Why Do People Pay Taxes? Prospect Theory Versus Expected Utility Theory
Sanjit Dhami () and
Ali al-Nowaihi ()
No 05/23, Discussion Papers in Economics from Division of Economics, School of Business, University of Leicester
Tax evasion analysis is typically based on an expected utility theory (EUT) framework. However, this leads to several qualitative and quantitative puzzles. Given actual probabilities of audit and penalty rates the return on evasion ranges from 91-98 percent. So why don’t most of us evade? Furthermore, an EUT based analysis predicts that we should evade less as the tax rate increases (Yitzhaki puzzle). Intuition and the bulk of the evidence do not support this result. This paper analyzes tax evasion using, instead, Kahneman and Tversky’s cumulative prospect theory. Under prospect theory we show that (1) the calibration results predict empirically plausible magnitudes of tax evasion despite low audit probabilities and penalty rates, and (2) the Yitzhaki puzzle is easily explained. Thus, our paper argues that not only does prospect theory provide a satisfactory explanation of tax evasion, it also argues that the phenomenon of tax evasion provides independent confirmation of prospect theory.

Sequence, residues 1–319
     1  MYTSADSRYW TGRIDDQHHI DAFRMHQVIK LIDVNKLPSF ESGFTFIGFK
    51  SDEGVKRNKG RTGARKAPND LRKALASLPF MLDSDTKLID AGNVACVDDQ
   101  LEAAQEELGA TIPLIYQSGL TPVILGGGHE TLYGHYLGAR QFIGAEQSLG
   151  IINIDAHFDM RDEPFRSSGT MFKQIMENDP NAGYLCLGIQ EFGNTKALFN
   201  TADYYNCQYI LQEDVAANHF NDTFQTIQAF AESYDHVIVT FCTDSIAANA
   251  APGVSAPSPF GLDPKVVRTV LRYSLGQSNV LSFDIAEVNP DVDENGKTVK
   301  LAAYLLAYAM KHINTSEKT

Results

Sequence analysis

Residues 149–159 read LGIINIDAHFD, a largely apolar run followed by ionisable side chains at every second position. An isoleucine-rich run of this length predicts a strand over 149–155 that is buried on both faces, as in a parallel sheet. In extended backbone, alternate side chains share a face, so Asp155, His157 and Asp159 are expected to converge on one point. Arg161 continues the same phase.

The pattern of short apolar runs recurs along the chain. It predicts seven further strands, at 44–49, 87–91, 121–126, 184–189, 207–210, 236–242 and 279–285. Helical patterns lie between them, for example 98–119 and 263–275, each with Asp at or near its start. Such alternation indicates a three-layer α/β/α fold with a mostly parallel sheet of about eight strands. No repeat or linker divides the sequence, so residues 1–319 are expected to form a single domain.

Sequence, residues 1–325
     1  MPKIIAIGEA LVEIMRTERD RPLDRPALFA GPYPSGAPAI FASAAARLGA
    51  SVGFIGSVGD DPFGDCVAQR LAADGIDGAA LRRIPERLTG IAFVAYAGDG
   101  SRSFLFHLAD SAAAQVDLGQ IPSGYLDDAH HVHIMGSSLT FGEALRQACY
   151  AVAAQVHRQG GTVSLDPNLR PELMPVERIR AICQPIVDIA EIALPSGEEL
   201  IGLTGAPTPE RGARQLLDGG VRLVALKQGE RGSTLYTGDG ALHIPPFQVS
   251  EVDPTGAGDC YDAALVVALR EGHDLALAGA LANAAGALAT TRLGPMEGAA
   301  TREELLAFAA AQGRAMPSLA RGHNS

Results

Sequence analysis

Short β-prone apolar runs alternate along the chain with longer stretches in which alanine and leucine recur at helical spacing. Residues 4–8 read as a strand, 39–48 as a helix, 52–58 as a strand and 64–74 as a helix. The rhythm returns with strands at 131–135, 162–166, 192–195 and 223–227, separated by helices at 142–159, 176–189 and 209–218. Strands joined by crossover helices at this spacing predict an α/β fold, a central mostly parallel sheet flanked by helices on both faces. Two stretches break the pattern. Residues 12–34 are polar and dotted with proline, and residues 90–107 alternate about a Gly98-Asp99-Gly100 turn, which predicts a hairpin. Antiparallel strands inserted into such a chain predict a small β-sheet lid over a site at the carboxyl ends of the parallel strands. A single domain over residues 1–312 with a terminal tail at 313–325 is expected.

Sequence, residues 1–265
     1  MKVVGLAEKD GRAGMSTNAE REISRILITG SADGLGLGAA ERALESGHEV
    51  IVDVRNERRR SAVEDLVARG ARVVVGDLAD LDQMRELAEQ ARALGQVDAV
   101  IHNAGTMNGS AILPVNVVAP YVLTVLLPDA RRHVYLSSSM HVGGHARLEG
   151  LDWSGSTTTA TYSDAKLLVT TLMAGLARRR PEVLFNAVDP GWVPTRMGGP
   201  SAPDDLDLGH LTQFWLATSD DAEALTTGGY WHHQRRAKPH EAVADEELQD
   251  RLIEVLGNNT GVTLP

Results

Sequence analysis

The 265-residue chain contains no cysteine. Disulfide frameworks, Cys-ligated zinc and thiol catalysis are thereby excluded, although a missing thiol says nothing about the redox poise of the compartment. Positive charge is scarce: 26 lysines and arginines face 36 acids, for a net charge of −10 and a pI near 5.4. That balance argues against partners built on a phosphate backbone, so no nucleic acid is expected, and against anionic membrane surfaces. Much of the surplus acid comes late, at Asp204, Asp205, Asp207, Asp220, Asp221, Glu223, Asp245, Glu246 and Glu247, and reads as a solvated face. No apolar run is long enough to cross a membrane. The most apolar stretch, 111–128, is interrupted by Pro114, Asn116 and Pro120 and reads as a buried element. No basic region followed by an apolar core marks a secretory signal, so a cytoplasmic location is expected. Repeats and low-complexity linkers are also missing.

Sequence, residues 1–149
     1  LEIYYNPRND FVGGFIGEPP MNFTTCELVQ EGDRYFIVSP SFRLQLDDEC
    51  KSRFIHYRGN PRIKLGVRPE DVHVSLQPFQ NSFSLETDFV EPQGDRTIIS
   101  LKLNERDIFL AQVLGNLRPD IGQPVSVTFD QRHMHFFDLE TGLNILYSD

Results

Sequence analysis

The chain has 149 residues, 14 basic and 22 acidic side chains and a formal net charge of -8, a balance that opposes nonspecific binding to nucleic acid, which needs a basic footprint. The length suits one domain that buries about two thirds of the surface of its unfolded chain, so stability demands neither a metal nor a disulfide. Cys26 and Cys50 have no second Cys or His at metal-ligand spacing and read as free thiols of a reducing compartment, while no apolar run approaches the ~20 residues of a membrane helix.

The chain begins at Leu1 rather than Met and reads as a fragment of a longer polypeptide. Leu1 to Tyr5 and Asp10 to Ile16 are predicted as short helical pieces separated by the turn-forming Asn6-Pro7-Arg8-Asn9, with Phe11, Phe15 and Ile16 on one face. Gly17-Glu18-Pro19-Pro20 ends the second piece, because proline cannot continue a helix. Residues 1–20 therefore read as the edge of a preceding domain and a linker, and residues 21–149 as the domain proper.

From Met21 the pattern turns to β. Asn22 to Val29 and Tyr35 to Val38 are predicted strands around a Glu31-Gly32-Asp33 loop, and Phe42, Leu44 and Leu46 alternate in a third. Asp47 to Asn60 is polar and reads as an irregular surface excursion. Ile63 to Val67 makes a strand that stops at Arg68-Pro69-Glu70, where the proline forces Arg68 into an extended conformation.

Keywords: Reference Dependence; Loss Aversion; Decision Weights; Prospect Theory; Expected Utility Theory; Tax Evasion; Optimal taxation (search for similar items in EconPapers)
JEL-codes: D81 H26 K42 (search for similar items in EconPapers)
Date: 2005-11, Revised 2006-08
New Economics Papers: this item is included in nep-acc, nep-exp, nep-law, nep-pbe and nep-pub
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Journal Article: Why do people pay taxes? Prospect theory versus expected utility theory (2007)
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